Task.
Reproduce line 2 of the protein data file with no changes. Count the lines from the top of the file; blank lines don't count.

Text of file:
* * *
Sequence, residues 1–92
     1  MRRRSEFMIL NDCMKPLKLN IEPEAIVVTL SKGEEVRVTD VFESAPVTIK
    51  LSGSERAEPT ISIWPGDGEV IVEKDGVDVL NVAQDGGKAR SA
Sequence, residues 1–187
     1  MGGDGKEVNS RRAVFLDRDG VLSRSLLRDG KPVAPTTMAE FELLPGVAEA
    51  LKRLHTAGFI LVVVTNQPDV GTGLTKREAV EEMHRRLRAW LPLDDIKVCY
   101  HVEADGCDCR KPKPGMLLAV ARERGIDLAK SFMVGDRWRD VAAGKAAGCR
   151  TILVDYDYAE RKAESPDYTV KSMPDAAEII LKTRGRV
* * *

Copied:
     1  MRRRSEFMIL NDCMKPLKLN IEPEAIVVTL SKGEEVRVTD VFESAPVTIK